Film / Theatre Reviews



Every so often, a movie comes along that completely rips up the rule book of filmmaking. Alejandro Landes’ (2011’s Porfirio) does so right from the beginning of Monos, with its unforgettable and surreal opening sequence of young protagonists playing football with blindfolds in some undisclosed, ethereal landscape in a Latin American mountain range, surrounded by clouds, as some sort of awareness drill,. The viewer’s attention is shoved, almost in a voyeuristic manner, into their bizarre, hedonistic, militaristic, yet juvenile world. The story progresses at a relentless pace into its premise and finale, leaving the viewer in awe at this wonderfully relevant, strangely realistic, yet ruthlessly brutal survivalist story.

Monos tells the story of a group of teenage soldiers, who come under the command of a mysterious rebel group called “The Organisation”. They have been tasked with guarding a female American hostage, who they refer to as “Doctora”, while stationed in a remote, mountainous region. But as the group’s hard-nosed, senior leader leaves after putting them through their paces with drills and training, the assault rifle-toting teenage guerillas let loose with drink and drug-fuelled hedonism, sending them on a steady decline into betrayal and murder.

What Alejandro Landes has achieved with his third film is something in the realm of a masterpiece. Even though it has distinct hallmarks of the done-to-death storyline of William Golding’s Lord Of The Flies, the film oozes originality, realism and ingenuity in its production values, directing, and writing, which are all bolstered by stunning landscapes and cinematography. The action seamlessly moves between sparse, cloud-covered mountains with a bizarre, seemingly rundown fortress and bunker, into hardcore jungle territory, which was undoubtedly a logistical nightmare and noticeably bad for their health, akin to legendary filmmaker Werner Herzog’s ordeals making the classic Fitzcarraldo.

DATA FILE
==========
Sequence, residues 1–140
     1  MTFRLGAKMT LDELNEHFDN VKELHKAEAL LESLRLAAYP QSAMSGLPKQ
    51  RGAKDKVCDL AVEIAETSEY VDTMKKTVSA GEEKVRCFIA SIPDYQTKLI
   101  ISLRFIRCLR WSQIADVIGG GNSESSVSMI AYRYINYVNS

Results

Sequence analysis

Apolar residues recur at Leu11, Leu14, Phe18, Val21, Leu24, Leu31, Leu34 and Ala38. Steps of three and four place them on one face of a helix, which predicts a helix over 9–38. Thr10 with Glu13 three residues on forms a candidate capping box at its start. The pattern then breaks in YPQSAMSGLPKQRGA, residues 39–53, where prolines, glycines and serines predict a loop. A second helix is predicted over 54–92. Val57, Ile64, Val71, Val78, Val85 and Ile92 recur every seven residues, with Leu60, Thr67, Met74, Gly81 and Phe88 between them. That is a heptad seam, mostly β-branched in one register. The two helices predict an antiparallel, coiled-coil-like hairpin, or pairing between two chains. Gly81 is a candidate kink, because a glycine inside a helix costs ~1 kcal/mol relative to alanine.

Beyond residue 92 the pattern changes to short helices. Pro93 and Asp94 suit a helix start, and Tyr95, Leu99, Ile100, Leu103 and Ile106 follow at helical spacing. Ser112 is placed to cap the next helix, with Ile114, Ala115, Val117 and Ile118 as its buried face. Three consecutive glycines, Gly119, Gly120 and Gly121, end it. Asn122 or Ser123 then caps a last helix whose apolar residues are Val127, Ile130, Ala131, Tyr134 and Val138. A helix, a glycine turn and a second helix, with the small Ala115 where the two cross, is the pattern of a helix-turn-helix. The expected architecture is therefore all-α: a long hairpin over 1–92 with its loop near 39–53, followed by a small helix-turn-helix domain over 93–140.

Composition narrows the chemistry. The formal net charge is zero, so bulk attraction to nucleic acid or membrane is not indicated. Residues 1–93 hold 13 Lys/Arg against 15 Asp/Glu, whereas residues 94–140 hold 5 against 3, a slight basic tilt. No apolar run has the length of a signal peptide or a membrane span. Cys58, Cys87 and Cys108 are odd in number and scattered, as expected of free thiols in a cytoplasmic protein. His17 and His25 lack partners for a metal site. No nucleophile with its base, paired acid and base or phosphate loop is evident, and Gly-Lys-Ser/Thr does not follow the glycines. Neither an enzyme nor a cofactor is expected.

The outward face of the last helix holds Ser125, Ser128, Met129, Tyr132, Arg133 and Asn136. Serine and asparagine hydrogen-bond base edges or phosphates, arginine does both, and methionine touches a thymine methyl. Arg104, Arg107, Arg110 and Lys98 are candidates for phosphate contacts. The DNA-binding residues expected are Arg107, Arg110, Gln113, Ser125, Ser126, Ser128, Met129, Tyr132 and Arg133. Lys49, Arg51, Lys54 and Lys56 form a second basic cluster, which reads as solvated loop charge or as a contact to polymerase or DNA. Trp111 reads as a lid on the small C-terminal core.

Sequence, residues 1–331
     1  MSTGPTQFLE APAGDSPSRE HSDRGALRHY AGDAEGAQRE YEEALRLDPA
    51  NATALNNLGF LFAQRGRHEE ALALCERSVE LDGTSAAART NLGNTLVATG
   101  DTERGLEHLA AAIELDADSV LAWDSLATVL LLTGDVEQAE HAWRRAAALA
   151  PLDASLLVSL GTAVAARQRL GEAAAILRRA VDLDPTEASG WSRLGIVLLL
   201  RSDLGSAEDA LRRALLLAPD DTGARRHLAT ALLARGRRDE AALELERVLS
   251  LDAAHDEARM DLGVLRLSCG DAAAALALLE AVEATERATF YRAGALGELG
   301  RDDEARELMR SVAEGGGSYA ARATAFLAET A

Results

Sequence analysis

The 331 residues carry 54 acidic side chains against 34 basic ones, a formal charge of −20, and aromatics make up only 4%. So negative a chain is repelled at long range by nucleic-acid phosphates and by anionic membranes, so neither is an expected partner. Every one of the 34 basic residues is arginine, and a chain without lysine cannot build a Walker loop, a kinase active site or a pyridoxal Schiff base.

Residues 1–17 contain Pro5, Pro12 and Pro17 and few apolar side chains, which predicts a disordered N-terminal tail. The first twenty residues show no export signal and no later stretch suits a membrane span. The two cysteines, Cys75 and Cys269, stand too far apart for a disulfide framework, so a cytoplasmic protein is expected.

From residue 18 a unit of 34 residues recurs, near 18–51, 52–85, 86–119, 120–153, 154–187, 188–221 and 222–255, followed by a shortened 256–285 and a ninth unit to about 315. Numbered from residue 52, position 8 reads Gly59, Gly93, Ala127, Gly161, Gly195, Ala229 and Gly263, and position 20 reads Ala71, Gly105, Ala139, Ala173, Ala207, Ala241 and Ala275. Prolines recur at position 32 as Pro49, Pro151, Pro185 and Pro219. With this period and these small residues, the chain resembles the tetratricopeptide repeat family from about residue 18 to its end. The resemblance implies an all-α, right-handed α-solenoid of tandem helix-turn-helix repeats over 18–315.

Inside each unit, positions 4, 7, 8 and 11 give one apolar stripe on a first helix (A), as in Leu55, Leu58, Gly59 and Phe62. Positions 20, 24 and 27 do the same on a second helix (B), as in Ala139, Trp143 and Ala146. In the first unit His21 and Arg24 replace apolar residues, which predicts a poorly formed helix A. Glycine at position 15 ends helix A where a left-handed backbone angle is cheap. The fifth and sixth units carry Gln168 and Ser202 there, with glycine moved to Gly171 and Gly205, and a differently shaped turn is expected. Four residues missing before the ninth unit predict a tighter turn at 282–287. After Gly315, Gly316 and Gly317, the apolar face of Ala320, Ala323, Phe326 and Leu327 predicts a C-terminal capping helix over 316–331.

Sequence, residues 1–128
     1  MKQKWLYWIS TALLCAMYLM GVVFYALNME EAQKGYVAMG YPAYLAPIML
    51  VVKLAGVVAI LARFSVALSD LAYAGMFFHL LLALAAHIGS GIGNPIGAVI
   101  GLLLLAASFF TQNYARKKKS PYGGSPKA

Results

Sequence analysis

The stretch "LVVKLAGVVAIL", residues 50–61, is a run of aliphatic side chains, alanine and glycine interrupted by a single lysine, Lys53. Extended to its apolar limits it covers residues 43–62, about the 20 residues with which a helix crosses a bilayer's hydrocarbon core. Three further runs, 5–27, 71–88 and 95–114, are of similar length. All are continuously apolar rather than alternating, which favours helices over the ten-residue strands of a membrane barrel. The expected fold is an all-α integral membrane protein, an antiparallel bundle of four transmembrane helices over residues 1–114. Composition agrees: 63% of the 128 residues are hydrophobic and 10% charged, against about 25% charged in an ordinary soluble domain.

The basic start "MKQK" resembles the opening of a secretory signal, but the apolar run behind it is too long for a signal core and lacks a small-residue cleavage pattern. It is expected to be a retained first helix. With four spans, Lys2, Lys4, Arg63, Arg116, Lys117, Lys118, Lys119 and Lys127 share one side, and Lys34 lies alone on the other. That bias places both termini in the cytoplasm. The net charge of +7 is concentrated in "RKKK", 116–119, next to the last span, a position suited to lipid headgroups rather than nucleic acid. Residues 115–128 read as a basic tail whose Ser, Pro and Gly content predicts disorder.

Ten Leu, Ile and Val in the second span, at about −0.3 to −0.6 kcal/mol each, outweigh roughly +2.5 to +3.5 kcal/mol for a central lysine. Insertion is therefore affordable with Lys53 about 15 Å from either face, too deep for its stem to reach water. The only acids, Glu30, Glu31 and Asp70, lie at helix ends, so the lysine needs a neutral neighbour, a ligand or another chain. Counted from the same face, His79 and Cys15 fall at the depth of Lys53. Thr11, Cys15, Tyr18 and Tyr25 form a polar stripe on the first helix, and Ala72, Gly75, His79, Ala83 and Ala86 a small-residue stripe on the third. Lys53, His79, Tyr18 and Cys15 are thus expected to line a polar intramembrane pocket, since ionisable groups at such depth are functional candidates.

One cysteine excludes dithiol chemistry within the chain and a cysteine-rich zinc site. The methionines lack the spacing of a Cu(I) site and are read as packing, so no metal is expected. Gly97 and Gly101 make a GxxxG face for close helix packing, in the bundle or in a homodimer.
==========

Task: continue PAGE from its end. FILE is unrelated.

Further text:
The absolutely phenomenal acting from its mostly teenage cast is a wonder to behold, captured up close by a documentary-style roaming camera. The filmmakers create situations that seem nearly impossible and absurdly surreal, yet fitting of the the reality of child soldiers in many parts of the world now. They are distinctly adolescent in nature, naive, and have never had a chance to have a proper childhood, thrown into a brutal, war-torn adult world with little pity and empathy, trained to be killers from no age.

There is a distinct air of mystery around all the events in this film. You’re never quite sure who is fighting what. They create these strange video messages with their American hostage, asking her to read out newspaper articles, and the use of night vision for much of a battle scene and another key moment later only compounds the strange aura. Essays could be written on the amazingly unique scenes that Landes has created, but it’s worth not spoiling them.

If there was ever a film that deserves to be seen in the cinema, Monos is it. The amazing electronica laden classical score by Mica Levi (Under The Skin) is key to creating the eerie, intense feel and deserves to be heard at high volume, while the sprawling landscapes, surreal visuals and stunning performances deserve the largest screen possible. However you manage to do it; watch Monos. Kev Lovski

Monos is showing at Light House Cinema, Dublin on 16th, 19th and 21st Nov.